Who This Service Is For
This service is for anyone who must have a Security Clearance for a job hire.
- This may be your first Security Clearance application.
- You might have an active Security Clearance and it needs to be renewed after five or ten years.
- It could also be for the person who already has had a Security Clearance—which has become inactive.
How The Security Clearance Application Process Works
You Receive A Job Offer Requiring A Security Clearance
An individual cannot just apply for a Security Clearance. That individual must have a job offer that requires a need for a Security Clearance. This creates Jurisdiction, and the clearance process can begin since there is a need for that person to have a clearance. If there is no need for a clearance with a job, then this Security Clearance application cannot be submitted.
If you’ve received a job offer which is dependent on receiving a Security Clearance…
You Must Complete A Questionnaire For National Security (SF 86)
- You are sent a Questionnaire For National Security (SF 86).
- You cannot even start work or view the area where you will be working until you have at least an Interim Clearance (of up to six months).
- The form is 127 pages long, with over 26 sections of questions that you have to answer. You must describe everything in your background going back 7-10 years.
- Your employer expects you to use the e-QIP online form to complete your application.
- Every answer you provide on the form will be investigated. You don’t want to give an answer that is incomplete or attempts to dodge responsibility.
- If your answers trigger any problems for the government, this is what happens:
- Your job start date will be delayed.
- You get onto the slippery slope of having your Security Clearance denied.
- Getting your clearance becomes a LOT more complicated and takes a lot longer.
You Submit The Questionnaire For National Security (SF 86)
- Once you have filled out the form, you submit it electronically.
- When the SF 86 is submitted electronically, it automatically goes into the system.
- The Security Manager will review it and submit it to the appropriate agency for further processing.
- This initiates the investigative phase.
Some Applicants Are Allowed To Start Work With An Interim Clearance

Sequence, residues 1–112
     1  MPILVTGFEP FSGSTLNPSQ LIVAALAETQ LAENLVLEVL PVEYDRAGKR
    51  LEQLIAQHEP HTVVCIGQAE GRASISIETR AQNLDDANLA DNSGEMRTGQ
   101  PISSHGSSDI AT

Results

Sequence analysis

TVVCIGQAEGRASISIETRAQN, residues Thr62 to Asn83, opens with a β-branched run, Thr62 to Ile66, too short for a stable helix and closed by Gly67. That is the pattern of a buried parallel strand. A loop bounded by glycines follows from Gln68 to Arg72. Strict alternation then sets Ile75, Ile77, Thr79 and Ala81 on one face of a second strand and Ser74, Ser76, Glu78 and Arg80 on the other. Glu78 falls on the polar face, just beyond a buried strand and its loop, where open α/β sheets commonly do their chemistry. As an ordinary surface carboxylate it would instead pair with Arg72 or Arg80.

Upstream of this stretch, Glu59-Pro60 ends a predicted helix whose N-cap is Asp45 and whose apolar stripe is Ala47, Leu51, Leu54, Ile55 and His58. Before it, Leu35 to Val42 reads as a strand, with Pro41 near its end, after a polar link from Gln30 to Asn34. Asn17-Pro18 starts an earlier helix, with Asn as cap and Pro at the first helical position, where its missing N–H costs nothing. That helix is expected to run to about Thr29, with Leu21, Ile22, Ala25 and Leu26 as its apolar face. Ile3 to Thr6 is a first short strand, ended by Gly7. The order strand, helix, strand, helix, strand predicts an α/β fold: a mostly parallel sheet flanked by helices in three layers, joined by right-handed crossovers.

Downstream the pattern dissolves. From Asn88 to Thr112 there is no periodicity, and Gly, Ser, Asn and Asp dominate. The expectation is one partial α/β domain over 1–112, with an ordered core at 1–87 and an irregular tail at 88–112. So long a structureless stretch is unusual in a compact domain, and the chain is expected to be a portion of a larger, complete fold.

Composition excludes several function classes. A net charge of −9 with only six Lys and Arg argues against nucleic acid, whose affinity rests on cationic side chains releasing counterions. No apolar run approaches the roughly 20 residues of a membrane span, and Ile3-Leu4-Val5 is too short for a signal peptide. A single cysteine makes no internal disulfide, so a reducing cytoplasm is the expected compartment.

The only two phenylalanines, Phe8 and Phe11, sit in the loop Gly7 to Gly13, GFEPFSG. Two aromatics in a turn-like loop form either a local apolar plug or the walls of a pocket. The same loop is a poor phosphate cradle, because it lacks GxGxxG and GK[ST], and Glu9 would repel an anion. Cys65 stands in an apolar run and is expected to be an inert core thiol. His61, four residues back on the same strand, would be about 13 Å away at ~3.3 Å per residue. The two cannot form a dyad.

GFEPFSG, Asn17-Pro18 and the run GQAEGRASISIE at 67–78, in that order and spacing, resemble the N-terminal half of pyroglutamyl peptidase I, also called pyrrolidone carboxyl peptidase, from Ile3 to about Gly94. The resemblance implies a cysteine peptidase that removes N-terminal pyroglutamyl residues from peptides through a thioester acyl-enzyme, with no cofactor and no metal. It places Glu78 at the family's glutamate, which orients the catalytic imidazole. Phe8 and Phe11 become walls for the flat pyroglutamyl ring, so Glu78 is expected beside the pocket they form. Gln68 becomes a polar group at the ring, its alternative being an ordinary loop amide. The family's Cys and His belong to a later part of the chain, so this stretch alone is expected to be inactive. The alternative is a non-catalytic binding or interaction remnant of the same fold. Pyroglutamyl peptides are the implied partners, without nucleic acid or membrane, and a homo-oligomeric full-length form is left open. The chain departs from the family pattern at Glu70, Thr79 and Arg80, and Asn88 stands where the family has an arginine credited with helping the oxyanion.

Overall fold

An Interim Clearance can be granted even prior to the completion of the full investigation on an individual. A lot of potential job candidates will receive a “Conditional Offer of Employment” which is contingent on obtaining an Interim Clearance. This occurs when there is a high demand for a skill or other job-demand reason. If the Interim Clearance is declined, then the Conditional Offer will most likely be rescinded.
With some employers and in some situations you could begin work with an Interim Clearance. Typically these involve a quick background search of the reports that are easy to do such as:
- A credit report
- A local agency report
- An FBI check (national agency check)
An Interim Clearance is normally good for up to six months and is temporary. However, at times, the final clearance is not adjudicated within that time frame and could take up to two or three years.
The higher the Security Clearance access you are seeking the longer the investigation takes. So, Top Secret Security Clearances sometimes can take up to even three years to adjudicate. Although the Government sets the expiration of an Interim Clearance at six months, they sometimes ignore their own policy.
The Government Investigates Your Answers
An investigation can take up to three years to finish. This depends on the level of clearance, and whether or not there are any issues/concerns that the government may have. Such issues will prolong the granting of the clearance.
- The higher your clearance the more extensive and comprehensive your background check is. The depth of investigation is based on the level of clearance:
- Confidential Security Clearance
- Secret Security Clearance
- Top Secret Security Clearance (SCI) Special Compartmented Information (1-3 years investigation)
- The U.S. Office of Personnel Management (OPM)—which serves as the Human Resources Organization for the Federal Government—performs the majority of background checks.
- The government investigation typically involves some or all of the following:
- You will have an investigator assigned to your case. The investigator will interview your family, friends and neighbors. His/her job is to dig into your records as deeply as possible to see what they can find.
- Because these are the most common areas that are concerns for the government, they will be looking at things such as:
- Warrants for your arrest
- No fly lists (TSA), including incidents with any type of airline
- Drug or alcohol-related issues
- Foreign contacts
- Financial Records
- Criminal Records
- Some agencies may require a polygraph test.
- When the government does a background check and finds something, your clearance will be delayed.
Security Clearance Application Ends In One Of Three Ways
The application part of the Security Clearance process ends in one of these three ways: